LSA senior Myra Marie Tetteh has been to Ghana many times. She travels to the African continent every other summer, visiting family and doing humanitarian work.

Angela Cesere
LSA senior Carrie Calcutt studied abroad at the University of Cape Town in South Africa last semester. (CRISTINA FOTIEO/Daily)

“I think everyone should take the time to go to another country,” she said, “Its an opportunity to debunk any misconceptions you have.”

Every year, University students pack up their books and board planes to do just that. Students from all over the United States attend study-abroad programs in locations all across the globe. While thousands of students take part in these programs every year, only a small percentage of them visit Africa.

The Office of International Programs offers more than 80 study abroad programs in 36 different countries worldwide. But African countries are visited least frequently; this semester, only seven University students are studying in one of Africa’s 54 nations, compared with almost 40 students studying in Britain alone.

These seven students are all studying at the University of Cape Town, located in Cape Town, South Africa. While the University also offers a yearlong program in Senegal, there are no students participating this year.

Carol Dickerman, director of the Office of International Programs, said the major cause of these deficient statistics is simply that students are not as interested in studying in Africa as they are in studying Western Europe or Australia.

“For most students,” she said, “there is a list of what they want to see first, and Western Europe is at the top of their list.”

She explained students are more inclined to study in Europe because they are more familiar with the continent’s history and various cultures.

“I think we are a country that looks mostly to Western Europe for our heritage,” she said, “The languages that students learn in high school and at the University and the kinds of courses that they teach are very much focused on Europe.”

Elizabeth James, program manager for the Center for Afroamerican and African Studies agreed. “The tradition of (academia in the United States) follows the western academies that you find in Europe, and (students aren’t) as familiar with the universities say in Timbuktu, or ancient Mali.”

LSA senior Carrie Calcutt, who went to South Africa last semester to participate in the study abroad program at the University of Cape Town, said the negative stigma surrounding Africa and lack of knowledge about the continent “has a lot to do with the lack of students interested in studying there.”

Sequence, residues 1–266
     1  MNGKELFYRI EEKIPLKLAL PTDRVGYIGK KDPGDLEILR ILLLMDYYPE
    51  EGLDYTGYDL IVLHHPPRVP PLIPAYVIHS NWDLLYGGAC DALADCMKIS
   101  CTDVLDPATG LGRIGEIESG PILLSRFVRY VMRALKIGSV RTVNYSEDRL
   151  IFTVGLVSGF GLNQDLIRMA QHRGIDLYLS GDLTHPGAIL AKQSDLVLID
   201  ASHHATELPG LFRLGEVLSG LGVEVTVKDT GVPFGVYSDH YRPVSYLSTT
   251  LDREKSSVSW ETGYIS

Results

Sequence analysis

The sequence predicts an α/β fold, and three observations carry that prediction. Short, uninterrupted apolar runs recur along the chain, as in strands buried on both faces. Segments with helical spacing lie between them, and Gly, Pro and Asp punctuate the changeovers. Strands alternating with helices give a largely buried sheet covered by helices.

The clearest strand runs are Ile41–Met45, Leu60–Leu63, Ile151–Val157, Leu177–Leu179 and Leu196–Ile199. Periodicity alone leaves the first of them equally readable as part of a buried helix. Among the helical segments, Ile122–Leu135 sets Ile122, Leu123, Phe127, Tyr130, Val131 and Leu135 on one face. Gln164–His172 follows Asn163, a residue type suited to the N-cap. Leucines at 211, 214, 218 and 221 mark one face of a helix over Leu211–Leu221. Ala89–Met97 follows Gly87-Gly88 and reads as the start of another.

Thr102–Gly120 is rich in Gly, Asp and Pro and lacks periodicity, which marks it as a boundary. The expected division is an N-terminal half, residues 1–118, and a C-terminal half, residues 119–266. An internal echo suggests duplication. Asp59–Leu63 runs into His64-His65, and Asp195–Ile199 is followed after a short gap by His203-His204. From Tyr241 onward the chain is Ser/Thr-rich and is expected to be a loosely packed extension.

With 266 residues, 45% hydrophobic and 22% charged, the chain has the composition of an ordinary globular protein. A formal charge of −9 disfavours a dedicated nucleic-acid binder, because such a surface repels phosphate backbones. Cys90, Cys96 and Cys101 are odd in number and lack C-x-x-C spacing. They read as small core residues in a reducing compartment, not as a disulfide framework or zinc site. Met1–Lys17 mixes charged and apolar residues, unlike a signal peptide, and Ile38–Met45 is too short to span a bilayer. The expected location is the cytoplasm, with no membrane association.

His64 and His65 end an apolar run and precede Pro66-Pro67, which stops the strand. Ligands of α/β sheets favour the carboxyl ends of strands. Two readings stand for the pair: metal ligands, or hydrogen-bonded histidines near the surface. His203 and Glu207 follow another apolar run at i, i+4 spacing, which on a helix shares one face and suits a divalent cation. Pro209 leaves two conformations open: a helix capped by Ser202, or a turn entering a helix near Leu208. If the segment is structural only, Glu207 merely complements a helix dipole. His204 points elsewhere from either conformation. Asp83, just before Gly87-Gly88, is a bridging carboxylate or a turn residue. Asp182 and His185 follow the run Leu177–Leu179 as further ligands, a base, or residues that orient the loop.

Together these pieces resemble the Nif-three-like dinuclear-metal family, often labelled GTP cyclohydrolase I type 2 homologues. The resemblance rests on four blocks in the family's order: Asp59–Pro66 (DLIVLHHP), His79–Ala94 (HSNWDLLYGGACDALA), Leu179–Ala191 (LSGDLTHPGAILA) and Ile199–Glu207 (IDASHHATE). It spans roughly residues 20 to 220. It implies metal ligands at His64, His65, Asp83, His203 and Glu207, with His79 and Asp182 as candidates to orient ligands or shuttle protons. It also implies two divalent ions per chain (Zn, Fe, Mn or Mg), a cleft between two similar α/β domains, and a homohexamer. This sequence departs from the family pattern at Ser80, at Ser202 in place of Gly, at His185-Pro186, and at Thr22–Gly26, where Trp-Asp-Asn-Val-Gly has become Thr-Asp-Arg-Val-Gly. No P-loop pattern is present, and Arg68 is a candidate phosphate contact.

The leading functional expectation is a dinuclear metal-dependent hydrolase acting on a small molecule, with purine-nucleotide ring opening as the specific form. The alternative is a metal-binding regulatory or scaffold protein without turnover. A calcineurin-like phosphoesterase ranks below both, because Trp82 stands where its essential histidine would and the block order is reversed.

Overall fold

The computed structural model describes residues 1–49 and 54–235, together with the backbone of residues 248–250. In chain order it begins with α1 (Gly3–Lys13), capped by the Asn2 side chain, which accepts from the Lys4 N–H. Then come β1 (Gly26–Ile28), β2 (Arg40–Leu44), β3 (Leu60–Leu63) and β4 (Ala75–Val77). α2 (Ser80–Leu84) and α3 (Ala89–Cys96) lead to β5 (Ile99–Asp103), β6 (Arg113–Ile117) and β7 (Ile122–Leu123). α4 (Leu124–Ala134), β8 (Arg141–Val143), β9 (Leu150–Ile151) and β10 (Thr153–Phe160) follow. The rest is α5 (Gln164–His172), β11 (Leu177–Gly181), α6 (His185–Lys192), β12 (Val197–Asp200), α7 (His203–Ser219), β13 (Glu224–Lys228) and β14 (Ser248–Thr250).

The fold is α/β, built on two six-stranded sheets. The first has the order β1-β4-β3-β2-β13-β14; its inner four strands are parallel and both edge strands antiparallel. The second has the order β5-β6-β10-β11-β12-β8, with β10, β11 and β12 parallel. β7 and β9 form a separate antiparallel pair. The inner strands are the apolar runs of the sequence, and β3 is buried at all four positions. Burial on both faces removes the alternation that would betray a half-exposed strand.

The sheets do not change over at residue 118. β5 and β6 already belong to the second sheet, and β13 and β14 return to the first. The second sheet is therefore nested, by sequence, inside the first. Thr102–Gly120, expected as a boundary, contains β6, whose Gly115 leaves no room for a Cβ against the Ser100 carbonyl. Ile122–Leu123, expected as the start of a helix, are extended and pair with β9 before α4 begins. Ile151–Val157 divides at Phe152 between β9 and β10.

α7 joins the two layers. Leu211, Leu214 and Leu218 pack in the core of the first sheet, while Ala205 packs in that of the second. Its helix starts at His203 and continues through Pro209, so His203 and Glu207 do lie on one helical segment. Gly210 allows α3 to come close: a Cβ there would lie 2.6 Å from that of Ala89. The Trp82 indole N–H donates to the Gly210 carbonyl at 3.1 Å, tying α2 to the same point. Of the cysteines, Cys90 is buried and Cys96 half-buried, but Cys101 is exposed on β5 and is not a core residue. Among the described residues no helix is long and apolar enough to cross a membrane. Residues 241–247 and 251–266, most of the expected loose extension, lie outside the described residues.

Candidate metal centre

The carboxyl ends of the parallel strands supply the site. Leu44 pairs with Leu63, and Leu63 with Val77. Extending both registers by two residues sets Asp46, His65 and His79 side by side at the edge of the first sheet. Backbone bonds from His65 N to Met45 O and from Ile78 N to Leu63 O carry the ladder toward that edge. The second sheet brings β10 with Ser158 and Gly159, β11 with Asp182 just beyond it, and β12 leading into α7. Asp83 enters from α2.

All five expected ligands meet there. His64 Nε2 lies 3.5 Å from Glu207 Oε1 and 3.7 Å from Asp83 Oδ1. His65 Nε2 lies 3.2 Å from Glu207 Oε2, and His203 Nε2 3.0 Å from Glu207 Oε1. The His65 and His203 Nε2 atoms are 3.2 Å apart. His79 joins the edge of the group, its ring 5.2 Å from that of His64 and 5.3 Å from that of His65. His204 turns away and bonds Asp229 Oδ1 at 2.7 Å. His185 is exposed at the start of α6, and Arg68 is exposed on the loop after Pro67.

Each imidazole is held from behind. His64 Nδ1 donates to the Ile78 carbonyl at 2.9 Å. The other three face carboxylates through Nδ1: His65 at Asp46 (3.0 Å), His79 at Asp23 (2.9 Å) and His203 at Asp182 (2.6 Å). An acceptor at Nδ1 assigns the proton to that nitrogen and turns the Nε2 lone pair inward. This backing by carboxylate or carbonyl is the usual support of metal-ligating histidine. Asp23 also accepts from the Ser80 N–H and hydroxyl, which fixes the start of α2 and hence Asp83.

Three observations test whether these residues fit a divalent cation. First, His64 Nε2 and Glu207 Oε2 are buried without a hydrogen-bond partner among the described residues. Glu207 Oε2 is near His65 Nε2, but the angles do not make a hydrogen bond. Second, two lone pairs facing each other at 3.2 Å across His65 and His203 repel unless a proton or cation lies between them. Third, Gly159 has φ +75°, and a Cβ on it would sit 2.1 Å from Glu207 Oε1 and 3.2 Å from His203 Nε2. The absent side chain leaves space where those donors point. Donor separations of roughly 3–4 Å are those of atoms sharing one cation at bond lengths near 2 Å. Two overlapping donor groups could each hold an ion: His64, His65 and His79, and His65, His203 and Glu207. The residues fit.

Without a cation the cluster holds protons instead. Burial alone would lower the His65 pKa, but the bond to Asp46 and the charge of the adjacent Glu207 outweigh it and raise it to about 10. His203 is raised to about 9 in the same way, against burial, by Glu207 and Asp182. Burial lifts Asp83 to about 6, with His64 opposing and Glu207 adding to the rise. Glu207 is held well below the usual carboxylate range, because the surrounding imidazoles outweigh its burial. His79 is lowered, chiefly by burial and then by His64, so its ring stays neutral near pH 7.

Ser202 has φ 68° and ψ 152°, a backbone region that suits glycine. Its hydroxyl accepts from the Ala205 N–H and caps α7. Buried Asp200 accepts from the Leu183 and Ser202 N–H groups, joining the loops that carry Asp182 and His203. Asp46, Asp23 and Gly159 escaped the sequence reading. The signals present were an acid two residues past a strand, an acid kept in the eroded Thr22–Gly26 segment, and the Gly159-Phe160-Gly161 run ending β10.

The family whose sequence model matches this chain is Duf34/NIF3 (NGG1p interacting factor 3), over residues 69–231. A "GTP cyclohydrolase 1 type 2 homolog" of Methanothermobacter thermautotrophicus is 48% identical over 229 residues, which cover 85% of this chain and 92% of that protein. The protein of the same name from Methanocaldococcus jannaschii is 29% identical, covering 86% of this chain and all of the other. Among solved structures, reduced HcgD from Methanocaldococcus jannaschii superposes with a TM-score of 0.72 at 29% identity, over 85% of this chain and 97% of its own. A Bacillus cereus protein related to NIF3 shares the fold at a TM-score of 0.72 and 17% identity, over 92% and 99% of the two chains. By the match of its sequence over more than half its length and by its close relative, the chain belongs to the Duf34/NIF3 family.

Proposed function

Misconceptions of Africa cause many Americans to view the continent as impoverished and overrun by violence and war said LSA junior Wiata Weeks who studied in Ghana. “Many parts of Africa are developed, thriving cities,” she said, “not all jungle and wilderness.”

Calcutt echoed her sentiments, saying “My friends even warned me not to get AIDS and malaria when I went abroad, as though these (diseases) were easy to contract.”

She added that safety is a major concern for students considering studying abroad in an African country. However, she said in her own experience this fear was unfounded.

“Going to South Africa, I knew that I was going to a big city, Cape Town, and knew that I was not going to be in the middle of a political war within the country,” she said. “I did not feel in any more danger when I was abroad than … in the United States or anywhere else.”

Although program coordinators expressed assurance in student’s security in study programs in Africa, safety concerns last year caused the temporary termination of the OIP’s program in Accra, Ghana.

Dickerman said the safety issues with the program centered around the security of students within the dorms on the campus in Accra, involving several incidents with non-University American students.

While she said she could not provide specific details about the incidents, Dickerman said, “There was a perception based on actual incidents that the dorms (at the University of Ghana) were not safe. We discussed it with our executive community. The decision was that until we thought it was safe on campus, we shouldn’t send students to Ghana.”

Despite the termination of the program, Dickerman stressed the safety issues were isolated on the campus of the University of Ghana, and did not reflect the overall security within the country of Ghana.

“Those concerns have been largely addressed now, and at this point we are going to be working with CAAS, because I think that they are interested in developing a program in Ghana. It’s not that the country is unsafe,” she said.

Several different types of programs are offered through OIP, including University collaborations with foreign universities, small trips led by University professors and programs through other American universities.

In spite of the numerous programs available to undergraduate and graduate students, Dickerman said most students’ interest in places such as Africa and Asia develops after they are finished with college, such as graduates who volunteer in African countries with aid-relief organizations like the U.S. Peace Corps.

She added that she does not expect to see these figures increasing in the near future, pointing back to most students’ unfamiliarity with African language and culture.

“I wish we did send more students to Africa,” she said, “but we also have to realistically keep in mind that we’re never going to send comparable numbers of students.” She added that as long as European languages are more popular to study this trend will continue.

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